Beginner's Heart

Beginner's Heart

day of Thanksgiving #12: temper, temper

via wikicommons

via wikicommons

It may not seem like an everyday gratitude, but it is, if you think about it. Anger, I mean. It’s useful as both a gauge and a valve, obviously — letting you know when things are past your comfort zone. But also serving as a release for pent-up feelings of more complexity (inadequacy, taken-advantage-of, manipulated, etc.).

Today, when someone hurt my feelings, I reacted. Strongly. Explained my feelings were hurt, and why. And although I initially felt a bit bad — I don’t think it was intentional, at all — I also felt grateful that I can voice my feelings.

Many folks can’t, and/or just don’t. They sit on anger until it eats away at them, or until it blows up waaay out of proportion to the trigger. Which is NOT a good thing, for anyone.

I’m also grateful that I’m beginning to learn just how to voice anger — gently (except I don’t, always… :( ). With compassion and careful statement of what happened. In my mad youth, I would just blow up. Yell, cry, sometimes even throw things (not often, but it has been known to happen). Which accomplishes zip, nada, rien.

via wikicommons

via wikicommons

Nothing, in other words.

So this is a nod of gratefulness to the anger fairy. Thank you for teaching me (the hard way, and time after time of hard ways!) to catch my breath — even if I have to walk into another room, or let things slide for a bit. To articulate clearly (to myself, first of all) what’s angering me. And to be able to sift beneath the brightly coloured leaves of anger to the ground below. AKA what’s really wrong.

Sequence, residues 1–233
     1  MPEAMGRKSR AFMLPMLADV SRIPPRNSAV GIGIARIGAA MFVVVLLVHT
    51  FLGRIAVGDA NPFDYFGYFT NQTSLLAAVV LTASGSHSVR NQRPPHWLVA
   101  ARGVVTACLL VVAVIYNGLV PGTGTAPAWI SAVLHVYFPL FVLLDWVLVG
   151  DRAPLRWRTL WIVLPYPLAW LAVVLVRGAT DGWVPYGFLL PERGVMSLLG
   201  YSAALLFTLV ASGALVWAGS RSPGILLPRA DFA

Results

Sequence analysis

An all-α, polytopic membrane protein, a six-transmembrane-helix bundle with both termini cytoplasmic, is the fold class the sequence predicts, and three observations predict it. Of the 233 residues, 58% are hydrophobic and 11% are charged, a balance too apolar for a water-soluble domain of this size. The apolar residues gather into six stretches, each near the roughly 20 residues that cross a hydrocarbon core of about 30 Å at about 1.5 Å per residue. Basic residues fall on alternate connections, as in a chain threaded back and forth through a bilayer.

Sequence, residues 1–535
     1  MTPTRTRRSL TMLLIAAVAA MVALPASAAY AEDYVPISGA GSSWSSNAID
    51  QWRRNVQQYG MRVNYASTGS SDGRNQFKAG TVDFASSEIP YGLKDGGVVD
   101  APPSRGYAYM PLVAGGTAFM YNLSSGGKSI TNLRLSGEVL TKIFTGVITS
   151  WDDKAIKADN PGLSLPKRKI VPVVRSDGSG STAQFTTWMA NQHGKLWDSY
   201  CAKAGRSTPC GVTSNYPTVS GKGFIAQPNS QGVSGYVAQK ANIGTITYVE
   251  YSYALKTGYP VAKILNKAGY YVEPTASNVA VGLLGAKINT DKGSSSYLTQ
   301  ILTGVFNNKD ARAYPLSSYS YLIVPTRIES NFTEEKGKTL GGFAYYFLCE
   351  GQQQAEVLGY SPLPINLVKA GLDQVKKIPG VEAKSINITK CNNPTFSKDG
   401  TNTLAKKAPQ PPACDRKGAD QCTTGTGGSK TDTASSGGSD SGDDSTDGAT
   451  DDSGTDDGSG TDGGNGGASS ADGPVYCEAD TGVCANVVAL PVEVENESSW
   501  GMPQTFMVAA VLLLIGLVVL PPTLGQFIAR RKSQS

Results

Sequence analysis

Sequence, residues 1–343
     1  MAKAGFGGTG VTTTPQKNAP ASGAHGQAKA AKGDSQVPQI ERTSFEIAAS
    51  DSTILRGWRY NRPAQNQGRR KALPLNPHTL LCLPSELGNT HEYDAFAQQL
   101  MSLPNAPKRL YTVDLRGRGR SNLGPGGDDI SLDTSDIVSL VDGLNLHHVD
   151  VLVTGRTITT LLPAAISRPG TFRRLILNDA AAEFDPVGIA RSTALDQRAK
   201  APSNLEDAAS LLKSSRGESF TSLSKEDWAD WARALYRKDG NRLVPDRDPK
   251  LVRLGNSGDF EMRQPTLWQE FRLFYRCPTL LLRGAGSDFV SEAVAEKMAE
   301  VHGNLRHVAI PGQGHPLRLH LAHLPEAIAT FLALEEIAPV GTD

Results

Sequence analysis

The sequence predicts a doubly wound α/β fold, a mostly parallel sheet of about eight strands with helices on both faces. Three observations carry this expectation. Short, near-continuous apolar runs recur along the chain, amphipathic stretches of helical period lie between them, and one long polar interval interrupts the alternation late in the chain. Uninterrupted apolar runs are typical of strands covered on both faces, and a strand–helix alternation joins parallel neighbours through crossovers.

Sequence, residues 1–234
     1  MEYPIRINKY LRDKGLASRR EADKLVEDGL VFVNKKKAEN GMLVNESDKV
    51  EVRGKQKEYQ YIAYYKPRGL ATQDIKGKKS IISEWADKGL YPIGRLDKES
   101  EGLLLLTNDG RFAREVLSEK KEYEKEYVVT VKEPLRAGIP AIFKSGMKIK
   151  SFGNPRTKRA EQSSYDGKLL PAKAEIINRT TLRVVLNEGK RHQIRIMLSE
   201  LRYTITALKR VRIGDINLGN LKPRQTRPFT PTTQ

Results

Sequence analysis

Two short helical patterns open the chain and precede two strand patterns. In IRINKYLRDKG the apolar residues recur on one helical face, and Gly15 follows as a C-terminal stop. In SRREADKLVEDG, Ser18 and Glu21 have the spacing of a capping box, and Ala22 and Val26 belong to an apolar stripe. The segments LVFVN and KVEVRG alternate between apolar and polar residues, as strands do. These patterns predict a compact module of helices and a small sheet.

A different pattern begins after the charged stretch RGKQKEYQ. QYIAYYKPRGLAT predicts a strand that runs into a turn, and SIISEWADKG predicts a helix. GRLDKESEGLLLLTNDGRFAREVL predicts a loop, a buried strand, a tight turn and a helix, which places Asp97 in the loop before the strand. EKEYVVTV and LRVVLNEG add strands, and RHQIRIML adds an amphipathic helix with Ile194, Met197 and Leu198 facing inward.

Here’s a suggestion: next time you get really mad, try to figure out the why of it. Yes, your beloved never folds the laundry. Is this really a big deal? Or is it emblematic of how you feel put upon, and taken for granted. Then sit down — calmly! — and share. I guarantee you’ll see why I think it’s something to be grateful for, anger.

And we haven’t even touched on righteous anger at injustice! Let’s save that for another day… :)

month of Thanksgiving #11: tea and chocolate

the author's

the author’s

This was my dessert today, which is just the kind of ordinary gratitude I love. BUT… It also was FREE! Another everyday gratitude. AND it was eaten across the table from my smart, funny, pregnant niece (to distinguish her from my other smart & funny nieces… :) )

It’s a Mexican chocolate petit four, and it was absolutely decadent. Just a petite bouchée, literally a mouthful. Perfect after an ENTIRE POT of tea (Golden Moon’s madagascar vanilla, a total departure for me, as I usually don’t do flavoured teas). Not to mention the chicken salad, or the tomato parmesan soup…